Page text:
By Ken de la Bastide
Tribune enterprise editor
As a result of the flu outbreak in Indiana, the two Howard County hospitals have imposed restrictions on visitors.
Both Community Howard Regional Health and St. Joseph Hospital have imposed visiting restrictions which take effect today. The restrictions are similar to those implemented during the H1N1 flu outbreak in 2009.
The hospital will not allow visitation by anyone under the age of 18; only immediate family (spouse, adult children or caregivers) can visit patients; and no visitors will be allowed with flu-like illness, fever or cold.
Patients entering the emergency rooms at both hospitals for treatment of the flu will be given a mask to wear.
Jim Alender, CEO of Community Howard Regional, said Thursday because of the significant flu outbreak in the community the decision to limit visitation was to protect patients.
“We did mandate, for the first time, that all employees be vaccinated for the flu,” he said. “We used to get 70 to 85 percent participation. It’s difficult for us in the health care profession why we wouldn’t be vaccinated.
“People come to the hospital because they’re sick,” Alender said. “We don’t want to infect patients as employees go from room to room. There was a concern for some employees, but it was the right thing to do.”
Alender said the visitation limitation policy was done in coordination with St. Joseph Hospital, which followed the actions taken by Indianapolis hospitals.
Sandy Herman, marketing director at St. Joseph Hospital, said the decision was made in the best interest of patients.
IU Health Tipton Hospital implemented visitation restrictions Jan. 11 which included only two healthy visitors per patient, children ages 15 and under are prohibited from visiting; and anyone with flu symptoms were asked not to visit.
The Indiana State Health Department reported Wednesday that there have been 27 flu-related deaths in the state, with 24 people over the age of 65 that have died. Last year there was no flu related deaths in Indiana and only three during the winter of 2010-2011.
State health officials, in cooperation with local health departments, have reached out to long term care facilities to advise on the seriousness of influenza and provide recommendations for reducing its spread and encouraging the facilities to offer the vaccine to residents and staff.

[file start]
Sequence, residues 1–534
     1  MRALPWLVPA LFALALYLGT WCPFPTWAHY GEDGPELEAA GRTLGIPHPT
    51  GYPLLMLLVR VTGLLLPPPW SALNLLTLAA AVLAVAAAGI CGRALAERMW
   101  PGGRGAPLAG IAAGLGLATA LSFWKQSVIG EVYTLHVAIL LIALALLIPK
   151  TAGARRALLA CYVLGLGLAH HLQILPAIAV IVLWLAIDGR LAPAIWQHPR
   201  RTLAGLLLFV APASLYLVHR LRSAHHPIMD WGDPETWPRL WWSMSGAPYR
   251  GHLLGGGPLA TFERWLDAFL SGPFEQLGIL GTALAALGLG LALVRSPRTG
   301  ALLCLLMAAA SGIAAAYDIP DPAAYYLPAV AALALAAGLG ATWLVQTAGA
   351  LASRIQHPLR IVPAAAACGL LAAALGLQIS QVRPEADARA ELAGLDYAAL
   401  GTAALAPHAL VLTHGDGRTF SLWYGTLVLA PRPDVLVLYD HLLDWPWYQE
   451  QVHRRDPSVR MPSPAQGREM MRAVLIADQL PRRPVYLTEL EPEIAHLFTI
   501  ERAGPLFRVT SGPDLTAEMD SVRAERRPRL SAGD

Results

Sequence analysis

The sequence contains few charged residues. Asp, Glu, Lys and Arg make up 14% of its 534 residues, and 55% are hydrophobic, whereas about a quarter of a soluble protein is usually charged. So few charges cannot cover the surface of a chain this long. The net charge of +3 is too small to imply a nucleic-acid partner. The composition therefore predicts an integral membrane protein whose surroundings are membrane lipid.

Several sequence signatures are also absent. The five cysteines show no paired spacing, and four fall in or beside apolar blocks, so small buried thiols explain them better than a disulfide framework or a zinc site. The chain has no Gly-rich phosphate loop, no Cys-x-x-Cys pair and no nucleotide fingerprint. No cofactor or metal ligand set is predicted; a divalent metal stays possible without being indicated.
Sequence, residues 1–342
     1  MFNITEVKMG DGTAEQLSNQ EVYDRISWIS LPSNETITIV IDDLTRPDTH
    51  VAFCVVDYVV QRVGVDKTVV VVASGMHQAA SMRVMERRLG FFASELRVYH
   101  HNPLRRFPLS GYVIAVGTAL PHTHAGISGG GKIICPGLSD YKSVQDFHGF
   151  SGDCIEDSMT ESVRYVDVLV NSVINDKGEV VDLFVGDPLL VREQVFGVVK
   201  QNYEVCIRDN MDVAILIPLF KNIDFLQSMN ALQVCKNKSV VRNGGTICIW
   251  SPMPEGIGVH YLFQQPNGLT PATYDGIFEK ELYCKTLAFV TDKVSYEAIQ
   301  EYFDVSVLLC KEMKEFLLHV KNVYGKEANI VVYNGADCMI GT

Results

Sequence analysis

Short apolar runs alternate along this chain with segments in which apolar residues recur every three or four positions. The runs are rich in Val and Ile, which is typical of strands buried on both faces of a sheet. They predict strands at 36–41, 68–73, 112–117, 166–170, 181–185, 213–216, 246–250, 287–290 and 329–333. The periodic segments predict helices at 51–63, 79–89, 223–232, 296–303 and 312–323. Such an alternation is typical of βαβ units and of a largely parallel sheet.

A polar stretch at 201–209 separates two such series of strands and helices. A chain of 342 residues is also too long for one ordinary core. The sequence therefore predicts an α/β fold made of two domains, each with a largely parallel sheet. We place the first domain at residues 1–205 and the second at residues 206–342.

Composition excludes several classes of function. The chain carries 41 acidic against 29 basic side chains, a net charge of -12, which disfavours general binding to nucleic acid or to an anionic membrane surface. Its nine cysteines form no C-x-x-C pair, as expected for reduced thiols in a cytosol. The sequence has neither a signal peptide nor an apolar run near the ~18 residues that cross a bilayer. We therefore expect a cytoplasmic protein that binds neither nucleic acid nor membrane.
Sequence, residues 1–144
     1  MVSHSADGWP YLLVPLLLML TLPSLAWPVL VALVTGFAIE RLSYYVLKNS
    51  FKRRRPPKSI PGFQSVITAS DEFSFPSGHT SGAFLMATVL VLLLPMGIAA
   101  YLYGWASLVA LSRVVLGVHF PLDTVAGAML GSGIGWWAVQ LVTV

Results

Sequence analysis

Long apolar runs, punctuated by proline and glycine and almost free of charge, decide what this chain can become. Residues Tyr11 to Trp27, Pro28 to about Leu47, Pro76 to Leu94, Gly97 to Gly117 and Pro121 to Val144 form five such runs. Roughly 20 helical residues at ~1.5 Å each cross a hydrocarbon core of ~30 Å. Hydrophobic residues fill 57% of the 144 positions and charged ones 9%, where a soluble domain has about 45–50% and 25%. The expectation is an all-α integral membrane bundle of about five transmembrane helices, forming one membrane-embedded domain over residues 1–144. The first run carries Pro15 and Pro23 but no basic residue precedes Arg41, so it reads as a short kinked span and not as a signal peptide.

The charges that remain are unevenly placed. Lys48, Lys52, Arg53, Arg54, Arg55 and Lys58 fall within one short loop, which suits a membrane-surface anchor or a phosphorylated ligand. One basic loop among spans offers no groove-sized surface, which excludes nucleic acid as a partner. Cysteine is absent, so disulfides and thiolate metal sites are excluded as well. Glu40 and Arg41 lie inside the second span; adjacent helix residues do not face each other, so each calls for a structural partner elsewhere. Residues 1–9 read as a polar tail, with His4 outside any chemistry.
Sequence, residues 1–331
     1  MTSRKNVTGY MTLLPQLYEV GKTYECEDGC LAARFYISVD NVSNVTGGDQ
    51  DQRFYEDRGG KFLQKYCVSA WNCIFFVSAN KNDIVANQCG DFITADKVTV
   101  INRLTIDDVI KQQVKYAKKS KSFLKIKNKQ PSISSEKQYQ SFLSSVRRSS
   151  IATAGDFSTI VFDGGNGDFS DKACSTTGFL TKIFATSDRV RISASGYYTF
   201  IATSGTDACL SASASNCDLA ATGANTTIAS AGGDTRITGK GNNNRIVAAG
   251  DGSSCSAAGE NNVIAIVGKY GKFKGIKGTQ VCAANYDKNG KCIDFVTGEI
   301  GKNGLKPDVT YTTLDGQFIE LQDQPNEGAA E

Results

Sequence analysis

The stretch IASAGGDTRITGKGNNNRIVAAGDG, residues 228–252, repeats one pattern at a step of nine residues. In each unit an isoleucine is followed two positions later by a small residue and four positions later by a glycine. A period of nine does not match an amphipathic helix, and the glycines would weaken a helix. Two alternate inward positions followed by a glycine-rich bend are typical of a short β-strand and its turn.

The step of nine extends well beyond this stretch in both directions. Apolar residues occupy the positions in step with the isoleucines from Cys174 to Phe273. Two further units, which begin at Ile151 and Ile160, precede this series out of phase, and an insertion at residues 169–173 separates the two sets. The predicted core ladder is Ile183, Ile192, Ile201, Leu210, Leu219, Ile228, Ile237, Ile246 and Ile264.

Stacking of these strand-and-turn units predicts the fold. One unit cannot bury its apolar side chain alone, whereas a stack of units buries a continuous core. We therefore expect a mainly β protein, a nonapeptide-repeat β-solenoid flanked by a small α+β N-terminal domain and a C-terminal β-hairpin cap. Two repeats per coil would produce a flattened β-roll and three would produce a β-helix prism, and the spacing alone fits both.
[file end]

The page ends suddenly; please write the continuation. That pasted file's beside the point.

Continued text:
The Centers for Disease Control and Prevention is now reporting that flu-deaths have reached epidemic levels, which simply means the nation is experiencing a higher number of flu-related deaths than was expected.
According to the CDC website the flu is widespread throughout the United States except for in California, Mississippi and the District of Columbia.
“We are experiencing a more severe season than in recent years, however it’s important to recognize that flu is unpredictable and we have been through this before,” said State Health Commissioner William VanNess II, M.D. “Everyone older than 6 months should be vaccinated as a first line of defense. Frequent hand washing, covering your cough and staying home if you’re not feeling well will also help protect you and keep the flu from spreading,” he said.
No shortage of flu vaccine is being reported, but health officials say there are reports of some locations temporarily depleting their supply due to the current high demand. A flu vaccine locator can be found at www.StateHealth.in.gov. Flu vaccine can usually be found at local health departments, pharmacies and with health care providers.
In a report last week, the CDC said the 2012-2013 influenza vaccine was about 62 percent effective. This season’s vaccine offers protection against the three most common strains of influenza: H3N2, H1N1 and Influenza B. The H3N2 strain appears to be predominant thus far in the 2012-2013 flu season. Health officials stress that the flu vaccine is the best protection against flu.